What is a high temperature in children?
A high temperature in children, whether at night or during the day is 38°C or above. A normal body temperature in babies and children is around 36.4°C but this can vary slightly.
If you find your child does have a fever (when body temperature rises above normal), they may also:
- Feel hot when you touch their back or chest
- Look or feel unwell
- Have flushed, sweaty or clammy skin
How and when should you check on your child?
A temperature in children is their bodies response to fighting off infection. Many things can cause a high temperature, from common childhood illnesses like colds and tonsillitis, to vaccinations. Try to check on your child regularly during the night. Remember, you can always call your doctor during the day if you have any questions about your little one’s symptoms and you can call NHS 111 for medical advice 24 hours a day.
How can you help keep your child comfortable?
It’s tempting to wrap your child in warm clothes or put extra blankets on them when they’re ill, but dressing them in light clothing is better for them, particularly if they have a high temperature.
You can open the window to keep the room airy, but not draughty. A warm room may make them uncomfortable. If they’re old enough to talk and don’t want to stay in a bed, then make them comfortable on a sofa where they can be with the family to relax and go to bed later (never let a young child sleep on the sofa).
How can you keep your child well hydrated?
- Give your child plenty of fluids and keep an eye on them for signs of dehydration.
- For the first day let them eat if they’re hungry, but don’t worry if they don’t eat. After that, start trying to tempt them with bits of food and encouraging them to have nutritious drinks like milk.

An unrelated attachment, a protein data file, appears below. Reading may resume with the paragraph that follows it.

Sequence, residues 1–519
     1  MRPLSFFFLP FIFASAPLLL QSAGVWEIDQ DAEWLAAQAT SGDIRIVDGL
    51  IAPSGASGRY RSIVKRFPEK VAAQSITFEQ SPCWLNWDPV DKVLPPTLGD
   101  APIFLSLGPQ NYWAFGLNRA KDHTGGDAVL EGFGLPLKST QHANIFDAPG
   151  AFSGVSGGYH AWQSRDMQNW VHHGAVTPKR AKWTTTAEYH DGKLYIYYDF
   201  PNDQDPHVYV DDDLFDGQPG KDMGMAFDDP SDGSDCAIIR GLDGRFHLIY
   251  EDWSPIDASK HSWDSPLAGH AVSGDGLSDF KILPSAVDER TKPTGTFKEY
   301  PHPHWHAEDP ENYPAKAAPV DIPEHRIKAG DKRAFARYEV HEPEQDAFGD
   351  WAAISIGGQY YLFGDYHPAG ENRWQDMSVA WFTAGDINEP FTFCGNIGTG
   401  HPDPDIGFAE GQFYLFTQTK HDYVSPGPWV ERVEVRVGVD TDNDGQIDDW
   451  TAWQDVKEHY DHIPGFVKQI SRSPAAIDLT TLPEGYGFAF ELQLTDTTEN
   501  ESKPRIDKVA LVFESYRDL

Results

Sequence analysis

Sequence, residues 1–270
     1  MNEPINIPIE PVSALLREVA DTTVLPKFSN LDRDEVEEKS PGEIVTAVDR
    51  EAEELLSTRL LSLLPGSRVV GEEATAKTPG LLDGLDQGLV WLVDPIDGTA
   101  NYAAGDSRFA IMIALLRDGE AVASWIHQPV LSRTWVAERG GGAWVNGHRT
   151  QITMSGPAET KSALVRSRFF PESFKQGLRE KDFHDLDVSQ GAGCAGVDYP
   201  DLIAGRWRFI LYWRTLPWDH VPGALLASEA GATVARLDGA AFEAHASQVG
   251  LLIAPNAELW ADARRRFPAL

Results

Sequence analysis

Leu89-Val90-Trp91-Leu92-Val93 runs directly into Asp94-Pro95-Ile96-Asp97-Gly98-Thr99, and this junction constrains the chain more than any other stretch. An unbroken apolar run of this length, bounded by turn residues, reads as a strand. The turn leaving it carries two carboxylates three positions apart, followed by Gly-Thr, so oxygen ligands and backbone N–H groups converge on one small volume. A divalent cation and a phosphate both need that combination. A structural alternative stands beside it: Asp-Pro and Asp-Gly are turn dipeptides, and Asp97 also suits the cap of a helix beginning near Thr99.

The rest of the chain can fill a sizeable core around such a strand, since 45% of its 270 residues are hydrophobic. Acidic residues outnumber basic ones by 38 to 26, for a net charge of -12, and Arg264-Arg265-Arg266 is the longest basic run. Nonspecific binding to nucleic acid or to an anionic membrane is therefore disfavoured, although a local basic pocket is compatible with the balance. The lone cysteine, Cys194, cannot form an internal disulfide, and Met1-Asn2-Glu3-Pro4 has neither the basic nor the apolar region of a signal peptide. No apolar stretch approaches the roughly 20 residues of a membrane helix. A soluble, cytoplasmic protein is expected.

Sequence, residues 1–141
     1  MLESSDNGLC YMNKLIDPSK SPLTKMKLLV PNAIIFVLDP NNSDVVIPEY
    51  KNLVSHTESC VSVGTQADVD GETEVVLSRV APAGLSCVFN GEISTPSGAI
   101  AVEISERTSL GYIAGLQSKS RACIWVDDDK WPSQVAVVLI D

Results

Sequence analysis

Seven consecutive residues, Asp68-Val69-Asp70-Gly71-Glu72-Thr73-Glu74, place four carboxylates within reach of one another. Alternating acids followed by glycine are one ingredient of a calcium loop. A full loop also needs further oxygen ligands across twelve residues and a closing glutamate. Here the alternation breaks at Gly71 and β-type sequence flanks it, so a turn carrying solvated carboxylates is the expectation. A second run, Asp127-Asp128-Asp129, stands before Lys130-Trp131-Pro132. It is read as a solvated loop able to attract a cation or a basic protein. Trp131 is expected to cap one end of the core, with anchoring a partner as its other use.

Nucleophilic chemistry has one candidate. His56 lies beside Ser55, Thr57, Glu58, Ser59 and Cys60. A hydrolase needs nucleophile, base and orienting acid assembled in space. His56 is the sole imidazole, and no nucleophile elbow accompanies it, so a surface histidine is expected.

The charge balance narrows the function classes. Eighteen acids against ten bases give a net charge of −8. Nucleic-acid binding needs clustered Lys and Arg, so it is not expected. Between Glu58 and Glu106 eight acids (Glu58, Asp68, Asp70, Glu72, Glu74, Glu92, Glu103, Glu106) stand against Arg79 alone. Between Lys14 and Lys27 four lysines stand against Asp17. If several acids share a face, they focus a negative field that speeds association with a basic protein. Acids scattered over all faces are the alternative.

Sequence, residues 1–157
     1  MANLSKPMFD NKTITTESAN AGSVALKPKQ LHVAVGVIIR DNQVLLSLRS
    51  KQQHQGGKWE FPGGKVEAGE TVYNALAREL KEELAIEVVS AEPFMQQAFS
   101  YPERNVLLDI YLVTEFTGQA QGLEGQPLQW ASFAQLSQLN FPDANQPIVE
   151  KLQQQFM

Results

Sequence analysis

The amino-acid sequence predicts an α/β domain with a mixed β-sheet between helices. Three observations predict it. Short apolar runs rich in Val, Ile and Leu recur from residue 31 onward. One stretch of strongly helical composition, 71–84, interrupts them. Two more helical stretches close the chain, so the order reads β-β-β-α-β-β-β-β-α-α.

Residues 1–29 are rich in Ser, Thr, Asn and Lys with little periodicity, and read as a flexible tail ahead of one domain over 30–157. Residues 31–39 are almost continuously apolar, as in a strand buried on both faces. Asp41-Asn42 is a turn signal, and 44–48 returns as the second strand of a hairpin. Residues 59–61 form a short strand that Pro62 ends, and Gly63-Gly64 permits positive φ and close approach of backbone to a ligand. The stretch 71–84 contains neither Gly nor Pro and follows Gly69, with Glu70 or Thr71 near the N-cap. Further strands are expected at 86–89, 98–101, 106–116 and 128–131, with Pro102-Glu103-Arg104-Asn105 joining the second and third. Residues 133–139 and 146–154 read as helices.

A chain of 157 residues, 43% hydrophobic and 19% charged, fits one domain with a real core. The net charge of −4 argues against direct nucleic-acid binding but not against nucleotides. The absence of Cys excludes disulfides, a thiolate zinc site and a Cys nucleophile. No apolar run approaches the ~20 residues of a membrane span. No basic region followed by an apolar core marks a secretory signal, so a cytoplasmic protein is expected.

- Offer your child food with a high water content, such as cooled soups, jellies or fruit, like melon.
- If they find it hard to drink or you’re struggling to get your child to drink, try small sips of liquid at first, gradually offering more as they are able. You can also try using a spoon to give them fluid and to make it easier for them to swallow.
Do you know the signs of dehydration in children?
Your child may be dehydrated if they:
- Complain of feeling thirsty, have a dry mouth, lips and eyes
- Have dark yellow and strong-smelling pee
- Appear to be dizzy, lightheaded, or tired
- Are peeing little, and fewer than 4 times a day for toddlers and older children
- Have sunken eyes, no tears when crying or nappies are not very wet, for babies
Help is at hand
If you are worried or your child is showing worrying signs of a fever at night, do not hesitate to contact your doctor. If your child has a fever and they are distressed, you can always try giving them medicine, such as paracetamol or ibuprofen to help reduce their fever. Nurofen for Children (3 months to 9 years, Orange) contains ibuprofen and provides up to 8 hours fever relief.
Take your little one to a doctor if they:*
- Are under 3 months old with a temperature of 38C or higher
- Are 3 to 6 months old with a temperature of 39C or higher
- Have had a high temperature for 5 days or more
- Are refusing to eat, or is not their usual self and you're worried
- Have other signs of illness such as a rash
- Have a high temperature that does not come down with medicine (paracetamol or ibuprofen)
- Are dehydrated (dry nappies, sunken eyes and no tears when crying)
In the case of medical emergency, call 999 if your child:
- Has a stiff neck or light is hurting their eyes
- Are refusing to drink or eat much and are not acting like their usual selves
- Has a fit (does not stop shaking)
- Have unusually cold hands and feet or blue, pale blotchy skin or tongue
- Their crying is unusual, for example, it’s high pitched or weak
- Is having trouble breathing
- Has developed a rash that when pressed with a glass, does not fade
It can be distressing looking after a sick little one but remember that it is common for young children to have high temperatures from time to time and they will usually be well again in 3 to 4 days. In the meantime, make sure you also get plenty of rest and share the caring duties with a partner or adult family member, if possible.
*This is not a complete list. Always seek medical advice if you are concerned about your child’s symptoms. Speak to your doctor, pharmacist or call 111.
All information presented on these web pages is not meant to diagnose or prescribe. In all health matters for further information or medical advice, please speak to your doctor or pharmacist.